On a cold Friday night in November more than a hundred people gathered in the John Snow lecture theatre, at the London School of Hygiene and Tropical Medicine (LSHTM), to watch The Third Man, a black and white film set in post World War II Vienna, to discuss how antibiotics changed modern healthcare.
The Third Man, directed by Carol Reed and written by Graham Greene, begins with Holly Martins, a writer of American Westerns, going to Vienna to visit his schoolfriend, Harry Lime. When he arrives he is told that Lime died in a car accident earlier that day. Martins then meets with Lime’s friends, some of whom mention a “third man”, who helped carry the body to the side of the street. Martins considers the death suspicious and begins his own investigation to find this mysterious third man.
Eventually, it is revealed Lime was running a racket; he was buying up military hospital penicillin supplies, diluting them to make the drug stretch further and selling the vials off at a great profit to himself. The substandard penicillin was given to children with meningitis but failed to cure it. Martins is taken to a hospital to see the victims. “The lucky ones died, and the unlucky ones lived and went insane”, says detective Major Calloway, who uncovered the swindle.
I opened the panel discussion after the film with the observation that substandard antibiotics – which do not contain enough of the drug to kill the infection - don’t help patients get better and can also lead to the development of antibiotic resistant bacteria, or superbugs.
In the West strict regulation means that patients given an antibiotic can be pretty sure it contains the active ingredient advertised at the correct dose. Yet researchers, including those based at LSHTM, have shown that this isn’t the case in many areas of the world. Rackets like Harry Lime’s are still common, with counterfeit, substandard and falsified medicines still a huge problem in parts of Africa and Asia. They also contribute to the global problem of resistance.
Ross Macfarlane, research development lead at the Wellcome Collection, revealed the press cuttings he had unearthed, including articles about a black market penicillin racket in Berlin which is regarded as the film’s main inspiration. Seven men and three women were arrested in 1946 by American and British intelligence service, including a former German army private who was the alleged ringleader, an American doctor and two GIs, American soldiers, in love with young German girls, so-called “frauleins”.
Penicillin had only recently started being mass produced at the time the film was released, and the drugs were seen as innovative. There was a lot of hope they represented the bright future of medicine. Trains advertised antibiotics to the masses – and doctors in Britain were aware of an American invention: penicillin ice cream which soothed throat infections and scarlet fever. Yet even Alexander Fleming, the first scientist to document penicillin, warned of resistance to the drugs in his Nobel Prize speech in 1945.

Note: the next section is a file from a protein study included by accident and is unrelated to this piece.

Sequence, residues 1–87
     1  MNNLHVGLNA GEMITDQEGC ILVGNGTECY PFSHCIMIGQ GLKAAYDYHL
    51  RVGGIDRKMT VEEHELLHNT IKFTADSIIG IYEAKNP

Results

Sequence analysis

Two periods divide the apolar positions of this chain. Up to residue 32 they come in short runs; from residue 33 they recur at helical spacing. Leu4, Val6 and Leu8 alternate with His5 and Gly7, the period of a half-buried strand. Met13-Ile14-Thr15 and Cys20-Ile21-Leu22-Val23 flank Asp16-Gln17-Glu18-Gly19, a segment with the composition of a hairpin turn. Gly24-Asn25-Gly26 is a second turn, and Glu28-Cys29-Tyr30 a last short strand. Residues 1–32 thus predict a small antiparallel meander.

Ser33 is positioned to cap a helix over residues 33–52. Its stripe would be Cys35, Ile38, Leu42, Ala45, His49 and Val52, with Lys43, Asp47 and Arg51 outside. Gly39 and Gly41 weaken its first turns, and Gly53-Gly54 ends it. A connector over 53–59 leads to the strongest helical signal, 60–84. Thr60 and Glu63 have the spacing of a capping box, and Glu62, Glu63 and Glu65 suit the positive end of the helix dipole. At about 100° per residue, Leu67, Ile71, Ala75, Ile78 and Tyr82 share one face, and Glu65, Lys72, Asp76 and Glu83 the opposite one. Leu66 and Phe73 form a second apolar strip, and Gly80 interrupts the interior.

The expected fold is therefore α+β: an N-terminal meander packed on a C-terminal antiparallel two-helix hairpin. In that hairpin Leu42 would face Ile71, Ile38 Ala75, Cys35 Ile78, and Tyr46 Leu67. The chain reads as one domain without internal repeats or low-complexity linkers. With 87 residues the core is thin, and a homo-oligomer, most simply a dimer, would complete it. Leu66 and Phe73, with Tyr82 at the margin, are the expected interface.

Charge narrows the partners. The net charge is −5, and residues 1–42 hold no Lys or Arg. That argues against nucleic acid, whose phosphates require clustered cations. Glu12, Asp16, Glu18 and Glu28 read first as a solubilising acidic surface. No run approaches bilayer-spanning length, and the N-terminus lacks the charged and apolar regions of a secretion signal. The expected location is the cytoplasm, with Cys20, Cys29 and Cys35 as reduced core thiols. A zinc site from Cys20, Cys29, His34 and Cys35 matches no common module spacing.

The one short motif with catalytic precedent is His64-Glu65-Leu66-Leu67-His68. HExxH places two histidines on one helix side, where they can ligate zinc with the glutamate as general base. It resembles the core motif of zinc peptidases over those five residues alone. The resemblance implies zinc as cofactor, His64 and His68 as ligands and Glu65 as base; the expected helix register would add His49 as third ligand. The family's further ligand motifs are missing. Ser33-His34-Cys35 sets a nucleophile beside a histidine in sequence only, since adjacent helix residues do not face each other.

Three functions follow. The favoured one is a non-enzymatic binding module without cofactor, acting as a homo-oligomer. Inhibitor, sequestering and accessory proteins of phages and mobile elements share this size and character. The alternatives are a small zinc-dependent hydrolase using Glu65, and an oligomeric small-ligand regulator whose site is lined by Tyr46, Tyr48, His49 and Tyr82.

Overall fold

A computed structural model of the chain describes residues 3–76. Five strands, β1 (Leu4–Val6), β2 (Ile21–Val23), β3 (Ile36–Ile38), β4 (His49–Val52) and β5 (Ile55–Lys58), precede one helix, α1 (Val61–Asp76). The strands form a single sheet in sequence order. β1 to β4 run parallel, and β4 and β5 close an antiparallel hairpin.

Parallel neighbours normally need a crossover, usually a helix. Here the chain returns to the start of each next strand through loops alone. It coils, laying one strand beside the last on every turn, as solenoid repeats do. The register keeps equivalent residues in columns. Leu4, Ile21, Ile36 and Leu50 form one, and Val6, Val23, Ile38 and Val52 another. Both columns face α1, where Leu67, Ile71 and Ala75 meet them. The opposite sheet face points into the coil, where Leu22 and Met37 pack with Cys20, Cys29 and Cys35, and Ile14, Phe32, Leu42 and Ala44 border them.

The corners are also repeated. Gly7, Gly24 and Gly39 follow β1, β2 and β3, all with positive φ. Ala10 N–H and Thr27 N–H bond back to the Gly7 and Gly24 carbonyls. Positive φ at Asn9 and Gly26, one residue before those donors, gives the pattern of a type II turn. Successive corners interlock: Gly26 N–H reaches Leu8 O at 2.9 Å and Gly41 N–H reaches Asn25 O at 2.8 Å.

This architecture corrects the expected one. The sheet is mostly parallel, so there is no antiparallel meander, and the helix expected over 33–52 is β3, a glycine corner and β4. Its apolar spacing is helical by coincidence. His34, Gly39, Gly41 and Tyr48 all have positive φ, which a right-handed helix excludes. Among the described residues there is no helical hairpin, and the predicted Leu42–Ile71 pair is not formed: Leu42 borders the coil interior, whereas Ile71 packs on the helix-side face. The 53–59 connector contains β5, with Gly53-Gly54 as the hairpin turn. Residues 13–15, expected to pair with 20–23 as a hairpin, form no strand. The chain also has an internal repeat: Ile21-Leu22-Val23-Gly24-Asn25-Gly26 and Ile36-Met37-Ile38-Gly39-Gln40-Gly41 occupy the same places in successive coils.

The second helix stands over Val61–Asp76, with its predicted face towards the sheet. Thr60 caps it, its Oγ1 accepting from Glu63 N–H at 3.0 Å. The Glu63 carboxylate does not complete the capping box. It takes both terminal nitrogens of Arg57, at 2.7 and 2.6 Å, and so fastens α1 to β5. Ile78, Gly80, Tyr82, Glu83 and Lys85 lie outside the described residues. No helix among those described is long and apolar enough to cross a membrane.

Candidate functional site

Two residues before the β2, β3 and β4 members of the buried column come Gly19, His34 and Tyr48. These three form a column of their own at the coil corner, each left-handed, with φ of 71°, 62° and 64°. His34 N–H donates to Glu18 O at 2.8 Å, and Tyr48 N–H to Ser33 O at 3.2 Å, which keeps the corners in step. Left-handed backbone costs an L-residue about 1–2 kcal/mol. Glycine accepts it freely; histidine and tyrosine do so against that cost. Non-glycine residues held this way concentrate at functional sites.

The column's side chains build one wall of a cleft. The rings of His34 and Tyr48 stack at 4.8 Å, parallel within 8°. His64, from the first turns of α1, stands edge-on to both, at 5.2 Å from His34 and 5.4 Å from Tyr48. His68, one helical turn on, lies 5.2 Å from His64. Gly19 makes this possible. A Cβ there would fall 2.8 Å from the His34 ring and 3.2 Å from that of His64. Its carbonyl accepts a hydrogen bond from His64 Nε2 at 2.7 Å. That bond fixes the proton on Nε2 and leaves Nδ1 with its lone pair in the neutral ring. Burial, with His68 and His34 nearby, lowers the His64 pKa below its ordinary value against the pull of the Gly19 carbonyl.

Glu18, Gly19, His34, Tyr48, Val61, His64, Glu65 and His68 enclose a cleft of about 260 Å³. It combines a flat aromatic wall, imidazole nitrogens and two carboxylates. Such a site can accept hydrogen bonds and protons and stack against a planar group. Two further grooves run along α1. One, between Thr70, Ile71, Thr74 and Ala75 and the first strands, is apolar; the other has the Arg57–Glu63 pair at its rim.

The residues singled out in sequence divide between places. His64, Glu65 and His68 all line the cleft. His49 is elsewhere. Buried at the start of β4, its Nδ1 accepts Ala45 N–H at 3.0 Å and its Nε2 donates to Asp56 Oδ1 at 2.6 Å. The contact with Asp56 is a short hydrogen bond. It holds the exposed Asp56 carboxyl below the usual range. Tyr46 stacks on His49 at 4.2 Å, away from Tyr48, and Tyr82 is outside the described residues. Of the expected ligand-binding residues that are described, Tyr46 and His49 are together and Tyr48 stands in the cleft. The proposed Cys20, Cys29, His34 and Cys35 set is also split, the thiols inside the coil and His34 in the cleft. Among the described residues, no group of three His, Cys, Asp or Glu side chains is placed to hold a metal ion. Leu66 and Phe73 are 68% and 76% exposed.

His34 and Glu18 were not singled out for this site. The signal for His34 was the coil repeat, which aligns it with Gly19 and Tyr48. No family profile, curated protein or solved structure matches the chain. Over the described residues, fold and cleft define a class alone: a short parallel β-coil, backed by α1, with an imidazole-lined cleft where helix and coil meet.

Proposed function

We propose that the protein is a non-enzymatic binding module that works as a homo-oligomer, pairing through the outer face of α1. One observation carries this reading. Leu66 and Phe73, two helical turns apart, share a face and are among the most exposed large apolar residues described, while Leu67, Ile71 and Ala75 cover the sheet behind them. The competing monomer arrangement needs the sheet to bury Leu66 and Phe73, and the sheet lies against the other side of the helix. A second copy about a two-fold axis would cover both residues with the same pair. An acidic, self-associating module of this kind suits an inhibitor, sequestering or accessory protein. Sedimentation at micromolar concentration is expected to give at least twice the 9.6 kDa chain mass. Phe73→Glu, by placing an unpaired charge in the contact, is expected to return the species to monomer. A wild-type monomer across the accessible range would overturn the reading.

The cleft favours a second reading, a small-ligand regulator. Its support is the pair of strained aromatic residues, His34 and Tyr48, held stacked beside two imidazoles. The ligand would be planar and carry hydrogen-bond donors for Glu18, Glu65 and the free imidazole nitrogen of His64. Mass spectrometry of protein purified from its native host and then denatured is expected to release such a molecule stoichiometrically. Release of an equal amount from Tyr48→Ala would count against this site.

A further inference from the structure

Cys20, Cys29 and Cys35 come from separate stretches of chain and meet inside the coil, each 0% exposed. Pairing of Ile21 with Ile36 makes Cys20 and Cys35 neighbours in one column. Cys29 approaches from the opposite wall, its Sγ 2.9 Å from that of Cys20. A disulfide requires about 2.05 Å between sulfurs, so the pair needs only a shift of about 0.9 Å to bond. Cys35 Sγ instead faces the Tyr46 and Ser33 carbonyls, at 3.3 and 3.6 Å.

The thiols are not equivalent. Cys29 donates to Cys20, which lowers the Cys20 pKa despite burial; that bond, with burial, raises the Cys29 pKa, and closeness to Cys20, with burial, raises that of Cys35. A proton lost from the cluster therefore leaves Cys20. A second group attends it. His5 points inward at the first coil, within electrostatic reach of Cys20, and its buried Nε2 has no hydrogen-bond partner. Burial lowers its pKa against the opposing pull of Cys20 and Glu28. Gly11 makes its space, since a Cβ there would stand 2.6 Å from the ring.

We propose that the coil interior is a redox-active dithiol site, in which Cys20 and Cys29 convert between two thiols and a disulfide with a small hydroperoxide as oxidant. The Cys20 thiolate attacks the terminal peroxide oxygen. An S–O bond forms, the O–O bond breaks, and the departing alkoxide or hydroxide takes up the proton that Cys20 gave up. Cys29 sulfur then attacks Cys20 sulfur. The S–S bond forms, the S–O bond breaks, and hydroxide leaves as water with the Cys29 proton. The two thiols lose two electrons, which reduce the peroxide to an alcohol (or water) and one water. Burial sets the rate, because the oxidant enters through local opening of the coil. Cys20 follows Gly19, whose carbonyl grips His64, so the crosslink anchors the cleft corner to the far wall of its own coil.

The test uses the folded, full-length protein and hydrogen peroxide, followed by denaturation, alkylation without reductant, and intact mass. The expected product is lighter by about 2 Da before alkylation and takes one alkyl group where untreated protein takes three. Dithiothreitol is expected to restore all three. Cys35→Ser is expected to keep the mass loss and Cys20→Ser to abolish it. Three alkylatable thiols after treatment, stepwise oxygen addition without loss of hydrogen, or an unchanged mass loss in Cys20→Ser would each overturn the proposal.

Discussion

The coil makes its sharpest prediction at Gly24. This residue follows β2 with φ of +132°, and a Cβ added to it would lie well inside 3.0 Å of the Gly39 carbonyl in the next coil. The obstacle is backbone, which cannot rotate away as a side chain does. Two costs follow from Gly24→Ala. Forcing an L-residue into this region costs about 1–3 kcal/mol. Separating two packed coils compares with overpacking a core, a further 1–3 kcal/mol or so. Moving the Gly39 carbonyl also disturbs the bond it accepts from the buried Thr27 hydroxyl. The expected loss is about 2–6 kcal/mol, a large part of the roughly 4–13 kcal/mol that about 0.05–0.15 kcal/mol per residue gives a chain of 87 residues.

Next, Dr Clare Chandler, a medical anthropologist who co-runs the Antimicrobial Resistance Centre at LSHTM, talked about how antibiotics became more widely used and then triggered changes in healthcare as well as our society. Surgical equipment used to be heavily disinfected to prevent infection, but use of antibiotics before surgery meant hospitals largely stopped doing this. Antibiotics allowed for joint replacements, Caesarean sections and cancer care - the operations we now think of as standard. It also paved the way for factory farming as they could be used as growth promoters. Penicillin, which was a cure for the sexually transmitted infection, syphilis, also lowered the “cost” of casual sex. So it is quite possible that antibiotics, as well as the pill, fuelled the sexual revolution of the 1960s.
Dr Laura Shallcross, a public health doctor and lecturer at University College London, explained how we got to a point where the Government has launched a campaign to reduce antibiotic prescribing. She said no new classes of antibiotics have been brought to market since the 1980s. Meanwhile, global travel means superbugs now spread easily all over the world.
We still don’t have a test which can accurately diagnose whether a patient has a viral illness (in which case antibiotics won’t cure it) or a bacterial one, she pointed out. GPs have reduced antibiotic prescribing, yet they may still prescribe antibiotics when they are not necessary as they come under pressure of “getting it wrong”. Many, if not most mild to moderate infections will actually get better without treatment. Yet when faced with an ill child, doctors do not want to risk an anomaly where a child that does not appear to need antibiotic goes home and dies of a bacterial infection. To prevent this, they will always err on the side of caution.
Questions from the audience included one about whether people should accept that when they are ill they should stay home until they are better and whether this would be accepted by employers. The panel thought that as most people recover from infections without the need for antibiotics, perhaps we do need a societal shift towards patience, rather than pills.
Main picture, of the panel discussion, via the London School of Hygiene and Tropical Medicine.
All images of archive press cuttings were kindly provided by Ross MacFarlane, research development lead at the Wellcome Collection.